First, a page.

Common forms of machine-readable media include, for example, a floppy disk, a flexible disk, hard disk, magnetic tape, or any other magnetic medium, a CD-ROM, any other optical medium, punchcards, papertape, any other physical medium with patterns of holes, a RAM, a PROM, and EPROM, a FLASH-EPROM, any other memory chip or cartridge, a carrier wave as described hereinafter, or any other medium from which a computer can read.
Various forms of machine-readable media may be involved in carrying one or more sequences of one or more instructions to processor 504 for execution. For example, the instructions may initially be carried on a magnetic disk of a remote computer. The remote computer can load the instructions into its dynamic memory and send the instructions over a telephone line using a modem. A modem local to computer system 500 can receive the data on the telephone line and use an infra-red transmitter to convert the data to an infra-red signal. An infra-red detector can receive the data carried in the infra-red signal and appropriate circuitry can place the data on bus 502. Bus 502 carries the data to main memory 506, from which processor 504 retrieves and executes the instructions. The instructions received by main memory 506 may optionally be stored on storage device 510 either before or after execution by processor 504.
Computer system 500 also includes a communication interface 518 coupled to bus 502. Communication interface 518 provides a two-way data communication coupling to a network link 520 that is connected to a local network 522. For example, communication interface 518 may be an integrated services digital network (ISDN) card or a modem to provide a data communication connection to a corresponding type of telephone line. As another example, communication interface 518 may be a local area network (LAN) card to provide a data communication connection to a compatible LAN. Wireless links may also be implemented. In any such implementation, communication interface 518 sends and receives electrical, electromagnetic or optical signals that carry digital data streams representing various types of information.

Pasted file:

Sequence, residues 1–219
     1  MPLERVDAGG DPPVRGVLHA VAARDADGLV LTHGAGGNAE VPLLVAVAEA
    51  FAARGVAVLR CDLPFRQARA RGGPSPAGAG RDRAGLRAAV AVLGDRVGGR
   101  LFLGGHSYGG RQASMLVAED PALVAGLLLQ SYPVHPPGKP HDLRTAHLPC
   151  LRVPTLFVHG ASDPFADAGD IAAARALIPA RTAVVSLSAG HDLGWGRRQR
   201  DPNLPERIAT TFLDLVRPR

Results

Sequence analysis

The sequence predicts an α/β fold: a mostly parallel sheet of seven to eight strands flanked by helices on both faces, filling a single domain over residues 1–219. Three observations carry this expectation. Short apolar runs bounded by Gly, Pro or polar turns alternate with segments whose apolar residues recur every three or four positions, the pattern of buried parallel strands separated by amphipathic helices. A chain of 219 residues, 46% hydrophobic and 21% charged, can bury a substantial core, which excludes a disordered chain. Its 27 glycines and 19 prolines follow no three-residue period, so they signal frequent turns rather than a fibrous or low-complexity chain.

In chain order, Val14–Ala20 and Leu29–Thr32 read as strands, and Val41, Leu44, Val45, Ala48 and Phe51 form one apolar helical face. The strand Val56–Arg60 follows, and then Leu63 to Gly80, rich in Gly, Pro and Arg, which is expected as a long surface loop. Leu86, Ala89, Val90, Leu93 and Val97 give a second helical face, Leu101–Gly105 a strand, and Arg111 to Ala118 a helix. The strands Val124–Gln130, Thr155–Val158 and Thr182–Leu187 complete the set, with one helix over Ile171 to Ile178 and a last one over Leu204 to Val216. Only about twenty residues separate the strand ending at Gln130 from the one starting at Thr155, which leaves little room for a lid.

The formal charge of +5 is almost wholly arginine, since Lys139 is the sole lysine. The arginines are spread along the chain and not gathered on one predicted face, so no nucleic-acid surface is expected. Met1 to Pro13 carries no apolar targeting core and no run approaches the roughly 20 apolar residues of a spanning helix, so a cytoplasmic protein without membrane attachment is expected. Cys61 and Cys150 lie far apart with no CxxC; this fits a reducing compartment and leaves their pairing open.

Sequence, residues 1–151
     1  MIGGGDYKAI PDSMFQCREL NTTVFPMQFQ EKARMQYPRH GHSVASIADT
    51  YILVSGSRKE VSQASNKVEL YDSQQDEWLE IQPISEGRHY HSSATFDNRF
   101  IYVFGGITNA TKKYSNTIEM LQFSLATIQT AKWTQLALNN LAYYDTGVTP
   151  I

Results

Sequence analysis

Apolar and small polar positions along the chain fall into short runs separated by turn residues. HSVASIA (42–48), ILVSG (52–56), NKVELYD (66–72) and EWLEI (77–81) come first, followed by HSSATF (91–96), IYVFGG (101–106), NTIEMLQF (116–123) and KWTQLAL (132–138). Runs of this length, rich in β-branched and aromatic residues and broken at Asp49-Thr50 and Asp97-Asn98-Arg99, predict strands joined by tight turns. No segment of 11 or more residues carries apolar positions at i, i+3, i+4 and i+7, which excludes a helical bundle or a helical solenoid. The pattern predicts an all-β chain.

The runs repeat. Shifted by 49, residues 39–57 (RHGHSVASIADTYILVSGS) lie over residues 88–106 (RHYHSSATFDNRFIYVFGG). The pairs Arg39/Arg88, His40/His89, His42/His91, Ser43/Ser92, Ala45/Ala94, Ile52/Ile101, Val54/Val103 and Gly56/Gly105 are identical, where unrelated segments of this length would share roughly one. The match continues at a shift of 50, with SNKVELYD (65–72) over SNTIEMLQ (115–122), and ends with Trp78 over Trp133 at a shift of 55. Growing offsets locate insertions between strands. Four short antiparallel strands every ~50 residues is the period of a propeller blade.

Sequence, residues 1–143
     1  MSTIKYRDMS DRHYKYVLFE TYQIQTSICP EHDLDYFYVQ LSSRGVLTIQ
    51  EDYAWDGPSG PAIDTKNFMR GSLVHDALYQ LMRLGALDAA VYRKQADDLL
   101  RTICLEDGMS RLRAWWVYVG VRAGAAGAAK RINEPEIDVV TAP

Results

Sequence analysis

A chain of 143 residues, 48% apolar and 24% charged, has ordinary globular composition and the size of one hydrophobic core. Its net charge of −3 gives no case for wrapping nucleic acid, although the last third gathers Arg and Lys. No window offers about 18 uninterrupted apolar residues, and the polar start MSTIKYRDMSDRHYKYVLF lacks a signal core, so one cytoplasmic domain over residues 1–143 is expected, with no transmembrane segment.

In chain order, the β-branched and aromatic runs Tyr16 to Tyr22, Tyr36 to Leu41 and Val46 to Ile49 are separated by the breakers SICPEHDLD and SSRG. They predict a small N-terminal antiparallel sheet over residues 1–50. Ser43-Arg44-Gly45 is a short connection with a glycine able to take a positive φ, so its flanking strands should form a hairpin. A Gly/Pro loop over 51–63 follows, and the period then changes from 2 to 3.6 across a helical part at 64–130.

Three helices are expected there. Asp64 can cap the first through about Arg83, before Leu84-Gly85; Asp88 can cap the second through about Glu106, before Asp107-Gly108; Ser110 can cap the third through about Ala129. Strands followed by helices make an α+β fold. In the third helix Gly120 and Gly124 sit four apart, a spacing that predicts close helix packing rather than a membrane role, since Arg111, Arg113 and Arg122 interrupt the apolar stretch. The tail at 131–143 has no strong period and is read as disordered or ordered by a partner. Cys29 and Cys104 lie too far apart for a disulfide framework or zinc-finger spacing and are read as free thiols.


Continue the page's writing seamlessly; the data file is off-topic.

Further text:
Network link 520 typically provides data communication through one or more networks to other data devices. For example, network link 520 may provide a connection through local network 522 to a host computer 524 or to data equipment operated by an Internet Service Provider (ISP) 526. ISP 526 in turn provides data communication services through the world wide packet data communication network now commonly referred to as the “Internet” 528. Local network 522 and Internet 528 both use electrical, electromagnetic or optical signals that carry digital data streams. The signals through the various networks and the signals on network link 520 and through communication interface 518, which carry the digital data to and from computer system 500, are exemplary forms of carrier waves transporting the information.
Computer system 500 can send messages and receive data, including program code, through the network(s), network link 520 and communication interface 518. In the Internet example, a server 530 might transmit a requested code for an application program through Internet 528, ISP 526, local network 522 and communication interface 518.
The received code may be executed by processor 504 as it is received, and/or stored in storage device 510, or other non-volatile storage for later execution. In this manner, computer system 500 may obtain application code in the form of a carrier wave.
In the foregoing specification, embodiments of the invention have been described with reference to numerous specific details that may vary from implementation to implementation. Thus, the sole and exclusive indicator of what is the invention, and is intended by the applicants to be the invention, is the set of claims that issue from this application, in the specific form in which such claims issue, including any subsequent correction. Any definitions expressly set forth herein for terms contained in such claims shall govern the meaning of such terms as used in the claims. Hence, no limitation, element, property, feature, advantage or attribute that is not expressly recited in a claim should limit the scope of such claim in any way. The specification and drawings are, accordingly, to be regarded in an illustrative rather than a restrictive sense.